“I do think that in a non-pandemic world a strong advisory is the hallmark of a very good school, because it gives students an opportunity to get to know other adults and their peers very closely,” said Manion. “It’s really important during these times that students let their teachers know when they’re overwhelmed. And it’s very important to come up with a good routine and stick with it. If we’re going to be productive and successful, we need to come up with a plan for ourselves.”
Another department that can be seen helping students develop these healthy routines is the Health Office, managed by school nurse Heidi Greenhalgh. Greenhalgh recently initiated a second round of the Visitation Step Challenge, the first of which took place this past spring. A competition between student teams encouraging activity and time outdoors, 22 teams will vie for prize-winning places from September 14 until October 12.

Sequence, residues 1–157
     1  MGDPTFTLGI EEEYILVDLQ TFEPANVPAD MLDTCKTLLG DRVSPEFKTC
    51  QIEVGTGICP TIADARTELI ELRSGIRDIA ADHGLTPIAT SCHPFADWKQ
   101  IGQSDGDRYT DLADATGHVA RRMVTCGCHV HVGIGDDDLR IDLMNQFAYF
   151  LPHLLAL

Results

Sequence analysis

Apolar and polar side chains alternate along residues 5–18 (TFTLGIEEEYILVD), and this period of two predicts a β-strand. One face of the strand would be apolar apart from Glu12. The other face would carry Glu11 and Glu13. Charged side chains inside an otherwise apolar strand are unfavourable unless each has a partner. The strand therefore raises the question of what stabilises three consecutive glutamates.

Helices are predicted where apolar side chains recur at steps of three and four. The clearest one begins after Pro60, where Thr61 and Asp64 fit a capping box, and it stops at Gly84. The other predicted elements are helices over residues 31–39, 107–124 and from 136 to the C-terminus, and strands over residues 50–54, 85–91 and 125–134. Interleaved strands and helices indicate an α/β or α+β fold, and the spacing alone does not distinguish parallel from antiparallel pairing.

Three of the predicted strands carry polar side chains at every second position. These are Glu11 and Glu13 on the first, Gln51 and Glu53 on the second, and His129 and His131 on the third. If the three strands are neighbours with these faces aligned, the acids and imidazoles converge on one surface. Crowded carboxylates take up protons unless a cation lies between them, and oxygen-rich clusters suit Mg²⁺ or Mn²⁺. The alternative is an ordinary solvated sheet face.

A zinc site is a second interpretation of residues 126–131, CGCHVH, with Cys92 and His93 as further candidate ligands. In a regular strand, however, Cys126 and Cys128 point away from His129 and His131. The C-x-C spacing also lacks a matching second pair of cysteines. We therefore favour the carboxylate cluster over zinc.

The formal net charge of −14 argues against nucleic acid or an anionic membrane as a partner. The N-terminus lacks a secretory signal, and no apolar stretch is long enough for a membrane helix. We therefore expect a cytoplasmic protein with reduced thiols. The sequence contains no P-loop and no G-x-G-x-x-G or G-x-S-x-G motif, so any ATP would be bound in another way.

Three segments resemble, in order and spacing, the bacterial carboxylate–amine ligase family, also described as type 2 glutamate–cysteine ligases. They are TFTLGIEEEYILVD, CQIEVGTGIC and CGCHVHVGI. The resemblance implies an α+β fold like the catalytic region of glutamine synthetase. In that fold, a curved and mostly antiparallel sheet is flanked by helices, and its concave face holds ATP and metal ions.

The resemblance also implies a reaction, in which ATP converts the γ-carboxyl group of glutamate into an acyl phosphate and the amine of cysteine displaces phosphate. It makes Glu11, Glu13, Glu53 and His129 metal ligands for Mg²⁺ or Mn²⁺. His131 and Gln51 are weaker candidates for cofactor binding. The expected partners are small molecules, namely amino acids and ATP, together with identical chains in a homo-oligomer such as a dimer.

Of special interest to the school community, and especially freshmen eager to explore campus, is the return to 35th street as recently announced by the administration. With the LEAP In! plan dividing the student body into three cohorts, (Faith, Vision, and Purpose) when Visitation switches to a hybrid learning model on October 6, only one cohort will be on campus per week. As a member of The Association of Independent Schools of Greater Washington, (AISGW), Visitation remains in close contact with DC public health officials who assist with decisions such as that of the return to campus.
“They [AISGW] helped to facilitate regular [conversations], during the summer. Almost every week to 10 days, and that level of contact had remained steady,” said Blaine. “We have multiple points of contact in DC public health in terms of epidemiologists who’ve been assigned to different schools … I’d have to give credit to the District for really working hard over the summer to build a robust group of direct supports for schools as they continue to plan and navigate … The work of the fall is to continue those strong relationships with DC public health and to continue to make sure that we have every safety protocol in place for [the] return to campus.”